You might not have heard the name Maryam Mirzakhani much during her life, but, as women, we should take some time to appreciate her outstanding achievements for the furthering of women in a male-dominated sphere following her passing away from cancer this weekend. She was just 40-years-old.
The Iranian-born mathematician was the first woman to ever win the coveted Fields Medal for maths in 2014. Only given once every four years, it marks outstanding contributions in mathematics from young scientists (under the age of 40).
In particular, the award, heralded as the ‘Nobel Prize’ for mathematics, was given to her for her groundbreaking work in geometry, dynamical systems and understanding the symmetry of curved surfaces.
Her friend Firouz Naderi, a former director of Solar Systems Exploration at Nasa, announced her death on Saturday.
“A light was turned off today. It breaks my heart… gone far too soon,” wrote Naderi.
“A genius? Yes. But also a daughter, a mother and a wife,” he added.
She was born in 1977 and raised in Tehran. She harboured dreams of becoming a writer, but changed her mind during high school where she realised how much she loved solving maths problems.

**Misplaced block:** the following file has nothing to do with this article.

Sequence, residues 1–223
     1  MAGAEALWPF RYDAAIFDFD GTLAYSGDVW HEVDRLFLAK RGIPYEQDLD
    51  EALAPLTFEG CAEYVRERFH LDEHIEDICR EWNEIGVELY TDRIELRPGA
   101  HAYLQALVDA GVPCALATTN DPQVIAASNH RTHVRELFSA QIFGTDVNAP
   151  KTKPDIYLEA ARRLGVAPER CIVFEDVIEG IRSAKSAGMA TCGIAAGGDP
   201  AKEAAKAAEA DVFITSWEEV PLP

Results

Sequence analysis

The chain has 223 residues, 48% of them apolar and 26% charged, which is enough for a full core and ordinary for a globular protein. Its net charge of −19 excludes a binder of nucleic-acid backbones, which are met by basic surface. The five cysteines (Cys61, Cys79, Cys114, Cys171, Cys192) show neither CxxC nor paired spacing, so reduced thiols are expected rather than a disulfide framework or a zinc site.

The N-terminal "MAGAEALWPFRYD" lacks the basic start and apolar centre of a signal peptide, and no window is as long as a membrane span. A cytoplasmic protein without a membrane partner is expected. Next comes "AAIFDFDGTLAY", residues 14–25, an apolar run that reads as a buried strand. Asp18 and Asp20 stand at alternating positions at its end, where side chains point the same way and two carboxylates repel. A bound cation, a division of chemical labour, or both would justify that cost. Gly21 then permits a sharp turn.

Speaking as she accepted her Fields medal, she said: “It is fun – it’s like solving a puzzle or connecting the dots in a detective case. I felt that this was something I could do, and I wanted to pursue this path.”
She became a professor of mathematics at Stanford University in 2008.
The reaction to her death in Iran has been unparalleled, with the national media breaking strict dress code rules to picture her in their pages with her head uncovered.
Iranian President said that Mirzakhani’s passing had caused him “great sorrow” and he praised her “unprecedented brilliance of this creative scientist and modest human being, who made Iran’s name resonate in the world’s scientific forums, (and) was a turning point in showing the great will of Iranian women and young people on the path towards reaching the peaks of glory…in various international arenas.”
Here’s hoping her achievements continue to inspire young women in fields they are routinely told they cannot be part of.